Increased selectivity in the student body will have other desirable effects. If selectivity means accepting students who are more prepared for the college experience, it should positively impact both retention and completion rates. These, too, are good things.  It can also bring about more advanced classes and programs directed by more renowned faculty. The college wins again.

The glory doesn’t end with football either. A successful basketball program, even for a year or two, can fill up the school’s coffers. Gonzaga, Butler, Appalachian State, and Florida Gulf Coast University all seemed to benefit from the unexpected success of their sports teams. The so called “Flutie Effect” crossed over to college basketball, giving the students, faculty and staff something to cheer for, and the schools, some much cherished national exposure.

College football is also big business. Sponsorships, television money, ticket sales, and the like can bring in some major bucks. In 2015, it was reported that over $9 billion was generated amongst the 231 Division I NCAA schools. That’s much more money than programs in Chemistry, Literature, Engineering, and Hospitality brought in…. combined!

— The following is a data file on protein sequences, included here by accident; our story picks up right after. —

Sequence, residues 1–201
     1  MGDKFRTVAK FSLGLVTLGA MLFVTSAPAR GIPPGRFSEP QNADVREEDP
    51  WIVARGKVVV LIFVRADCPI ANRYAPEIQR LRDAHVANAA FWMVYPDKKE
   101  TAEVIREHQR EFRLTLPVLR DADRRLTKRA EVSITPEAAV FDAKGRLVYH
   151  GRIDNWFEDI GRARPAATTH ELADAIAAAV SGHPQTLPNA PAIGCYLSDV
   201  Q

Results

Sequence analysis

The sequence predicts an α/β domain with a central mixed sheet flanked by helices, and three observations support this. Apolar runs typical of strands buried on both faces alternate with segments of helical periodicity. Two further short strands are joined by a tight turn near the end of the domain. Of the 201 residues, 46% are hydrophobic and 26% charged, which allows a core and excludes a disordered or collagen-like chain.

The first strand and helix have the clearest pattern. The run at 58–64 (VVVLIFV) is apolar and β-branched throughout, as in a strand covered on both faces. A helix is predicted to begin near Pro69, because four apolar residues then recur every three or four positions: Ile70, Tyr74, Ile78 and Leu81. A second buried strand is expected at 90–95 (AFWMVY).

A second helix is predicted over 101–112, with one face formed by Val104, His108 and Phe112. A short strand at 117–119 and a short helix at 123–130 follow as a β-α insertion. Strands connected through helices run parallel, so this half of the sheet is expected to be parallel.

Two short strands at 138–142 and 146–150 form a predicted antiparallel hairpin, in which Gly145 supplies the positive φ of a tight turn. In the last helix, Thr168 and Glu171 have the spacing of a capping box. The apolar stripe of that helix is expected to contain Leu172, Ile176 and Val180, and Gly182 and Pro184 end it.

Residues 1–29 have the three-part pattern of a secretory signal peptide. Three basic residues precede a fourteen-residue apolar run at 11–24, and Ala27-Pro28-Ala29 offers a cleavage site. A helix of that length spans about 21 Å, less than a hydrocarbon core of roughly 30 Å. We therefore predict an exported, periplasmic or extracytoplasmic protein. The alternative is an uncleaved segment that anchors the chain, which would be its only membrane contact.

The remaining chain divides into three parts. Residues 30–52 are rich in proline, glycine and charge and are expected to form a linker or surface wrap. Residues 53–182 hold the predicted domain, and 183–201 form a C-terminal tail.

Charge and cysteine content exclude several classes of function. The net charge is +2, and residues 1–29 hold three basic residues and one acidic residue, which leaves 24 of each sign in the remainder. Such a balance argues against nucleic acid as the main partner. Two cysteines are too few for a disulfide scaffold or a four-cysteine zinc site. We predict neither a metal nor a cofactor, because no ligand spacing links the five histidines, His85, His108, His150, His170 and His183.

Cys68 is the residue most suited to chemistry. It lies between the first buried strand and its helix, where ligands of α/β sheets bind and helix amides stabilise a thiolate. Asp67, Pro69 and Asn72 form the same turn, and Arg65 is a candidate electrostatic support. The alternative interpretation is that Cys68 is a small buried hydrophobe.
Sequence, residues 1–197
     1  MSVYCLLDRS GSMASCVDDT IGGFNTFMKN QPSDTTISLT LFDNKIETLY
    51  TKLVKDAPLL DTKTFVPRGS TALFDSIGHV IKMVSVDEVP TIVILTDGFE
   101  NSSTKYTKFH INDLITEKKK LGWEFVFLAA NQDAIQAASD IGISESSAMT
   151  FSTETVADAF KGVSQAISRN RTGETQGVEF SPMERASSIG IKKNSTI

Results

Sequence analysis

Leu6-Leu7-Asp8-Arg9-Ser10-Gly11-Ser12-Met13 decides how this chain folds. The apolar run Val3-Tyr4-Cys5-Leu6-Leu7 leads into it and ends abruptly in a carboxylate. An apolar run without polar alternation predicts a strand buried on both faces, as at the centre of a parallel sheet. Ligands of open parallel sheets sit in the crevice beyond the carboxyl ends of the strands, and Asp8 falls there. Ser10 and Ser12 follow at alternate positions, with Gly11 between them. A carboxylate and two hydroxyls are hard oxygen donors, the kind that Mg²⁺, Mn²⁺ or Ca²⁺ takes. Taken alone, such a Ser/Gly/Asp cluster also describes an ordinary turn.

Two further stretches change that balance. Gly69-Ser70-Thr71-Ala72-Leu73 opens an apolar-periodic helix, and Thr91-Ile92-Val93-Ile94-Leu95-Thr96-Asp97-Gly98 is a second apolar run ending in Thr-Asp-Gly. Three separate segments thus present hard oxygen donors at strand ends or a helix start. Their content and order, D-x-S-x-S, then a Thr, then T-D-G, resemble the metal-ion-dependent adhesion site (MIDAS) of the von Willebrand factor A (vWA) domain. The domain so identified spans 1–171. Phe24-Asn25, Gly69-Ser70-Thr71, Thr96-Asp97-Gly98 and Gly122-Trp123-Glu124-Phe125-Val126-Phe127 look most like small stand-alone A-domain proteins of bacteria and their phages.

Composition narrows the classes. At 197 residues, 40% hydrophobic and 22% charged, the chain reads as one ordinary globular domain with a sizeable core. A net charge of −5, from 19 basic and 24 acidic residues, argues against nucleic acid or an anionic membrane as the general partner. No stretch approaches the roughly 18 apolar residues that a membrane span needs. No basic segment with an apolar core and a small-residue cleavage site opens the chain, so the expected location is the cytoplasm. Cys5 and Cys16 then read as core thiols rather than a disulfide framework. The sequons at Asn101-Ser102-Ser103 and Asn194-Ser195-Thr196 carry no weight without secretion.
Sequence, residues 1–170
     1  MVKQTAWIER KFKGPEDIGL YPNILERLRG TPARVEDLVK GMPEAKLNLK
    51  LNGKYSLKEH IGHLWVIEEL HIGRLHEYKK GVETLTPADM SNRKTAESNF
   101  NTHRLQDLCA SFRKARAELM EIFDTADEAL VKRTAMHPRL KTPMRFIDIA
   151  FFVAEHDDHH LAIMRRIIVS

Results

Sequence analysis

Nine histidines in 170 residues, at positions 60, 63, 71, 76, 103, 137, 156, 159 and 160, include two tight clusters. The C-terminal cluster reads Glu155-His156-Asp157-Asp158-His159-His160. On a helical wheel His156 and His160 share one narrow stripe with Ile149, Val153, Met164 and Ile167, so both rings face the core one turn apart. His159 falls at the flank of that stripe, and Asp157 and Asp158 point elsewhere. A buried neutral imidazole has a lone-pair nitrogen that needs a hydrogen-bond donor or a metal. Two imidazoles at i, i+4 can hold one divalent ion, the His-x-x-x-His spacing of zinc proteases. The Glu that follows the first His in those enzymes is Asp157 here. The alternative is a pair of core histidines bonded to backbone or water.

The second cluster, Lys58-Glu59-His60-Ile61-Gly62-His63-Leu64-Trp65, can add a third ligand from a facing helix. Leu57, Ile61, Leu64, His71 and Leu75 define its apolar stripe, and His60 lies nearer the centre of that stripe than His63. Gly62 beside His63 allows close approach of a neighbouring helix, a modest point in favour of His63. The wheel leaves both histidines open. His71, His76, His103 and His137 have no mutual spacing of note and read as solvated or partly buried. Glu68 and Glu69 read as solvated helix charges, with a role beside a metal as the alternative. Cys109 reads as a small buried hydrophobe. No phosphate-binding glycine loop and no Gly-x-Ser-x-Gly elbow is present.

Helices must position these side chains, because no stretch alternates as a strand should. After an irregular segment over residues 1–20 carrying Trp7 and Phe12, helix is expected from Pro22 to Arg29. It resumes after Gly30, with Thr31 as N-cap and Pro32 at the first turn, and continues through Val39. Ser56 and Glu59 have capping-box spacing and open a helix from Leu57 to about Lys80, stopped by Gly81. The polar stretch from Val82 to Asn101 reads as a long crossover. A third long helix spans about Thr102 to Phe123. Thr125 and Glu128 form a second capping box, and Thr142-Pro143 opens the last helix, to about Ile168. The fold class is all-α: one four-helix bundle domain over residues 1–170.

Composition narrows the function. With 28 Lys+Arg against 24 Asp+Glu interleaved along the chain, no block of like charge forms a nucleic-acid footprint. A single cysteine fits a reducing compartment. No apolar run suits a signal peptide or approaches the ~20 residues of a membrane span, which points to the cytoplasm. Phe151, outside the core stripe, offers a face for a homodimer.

Is there a downside? Can a college football program do more harm than good? Possibly. For starters, it is important to keep in mind that having and maintaining a football team is expensive. If a college does not have an “elite” football program, its median loss due to football is around $3 million a year. With only around half of all Division I programs showing profitability, that’s a lot of colleges losing money on the football field.